Mmatshilo Motsei wears many hats - she's known as an author, poet, African spiritual leader and also over many decades, as a gender activist who's made a difference in South Africa.
On Weekend Breakfast with Refiloe Mpankanyane, Motsei reflects on her understanding that talking to men is an important part of addressing gender-based violence.
She says she started doing this work in Alexandra in the 90s, probably motivated by the experience of being raised by a father who was "a wonderful man".
I grew up as a girl knowing that I'm loved and he has also encouraged me to fly out of my nest.— Mmatshilo Motsei, Gender activist
My father insisted that the girls go to school. He was in a way preparing us to carry our power as women.— Mmatshilo Motsei, Gender activist
Motsei says this started her thinking that just as one part of the problem is working with men, so one part of the solution is also working with men.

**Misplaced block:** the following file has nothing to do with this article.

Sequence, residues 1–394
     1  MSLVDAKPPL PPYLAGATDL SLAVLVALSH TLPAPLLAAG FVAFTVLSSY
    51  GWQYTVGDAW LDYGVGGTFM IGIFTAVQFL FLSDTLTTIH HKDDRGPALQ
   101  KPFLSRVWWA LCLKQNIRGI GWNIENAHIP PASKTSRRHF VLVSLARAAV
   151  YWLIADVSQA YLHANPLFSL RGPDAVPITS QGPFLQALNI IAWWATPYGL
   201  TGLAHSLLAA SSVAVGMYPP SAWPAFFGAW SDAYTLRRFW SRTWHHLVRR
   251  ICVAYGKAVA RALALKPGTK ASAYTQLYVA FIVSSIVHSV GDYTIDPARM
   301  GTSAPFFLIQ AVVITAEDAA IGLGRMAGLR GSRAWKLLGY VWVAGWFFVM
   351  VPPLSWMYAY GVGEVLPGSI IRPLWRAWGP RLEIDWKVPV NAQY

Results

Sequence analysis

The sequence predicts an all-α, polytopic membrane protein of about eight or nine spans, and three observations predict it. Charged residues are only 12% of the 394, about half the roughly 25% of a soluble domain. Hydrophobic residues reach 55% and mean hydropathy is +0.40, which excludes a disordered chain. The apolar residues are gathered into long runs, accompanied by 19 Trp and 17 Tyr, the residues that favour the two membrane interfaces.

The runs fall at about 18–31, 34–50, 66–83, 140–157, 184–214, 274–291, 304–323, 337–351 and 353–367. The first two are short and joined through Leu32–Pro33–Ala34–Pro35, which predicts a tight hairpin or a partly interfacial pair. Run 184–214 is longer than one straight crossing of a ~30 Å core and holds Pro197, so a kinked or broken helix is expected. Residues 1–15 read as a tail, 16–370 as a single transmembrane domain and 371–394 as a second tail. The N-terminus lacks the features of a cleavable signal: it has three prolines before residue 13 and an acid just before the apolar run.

She believes the first step in the process is for men to confront their own conditioning.
All the messages you have been taught as a man are basically about your privilege and in a sense it's all about power over...— Mmatshilo Motsei, Gender activist
One of the questions we asked men we invited to work with us was: When last did you beat up a woman? A lot of them were shocked.— Mmatshilo Motsei, Gender activist
Feminists say the personal is political. We asked the question so that right from the beginning they knew if you want to be working in this space, you need to change yourself from inside.— Mmatshilo Motsei, Gender activist
Listen to the insightful discussion on Weekend Breakfast with Refiloe Mpakanyane: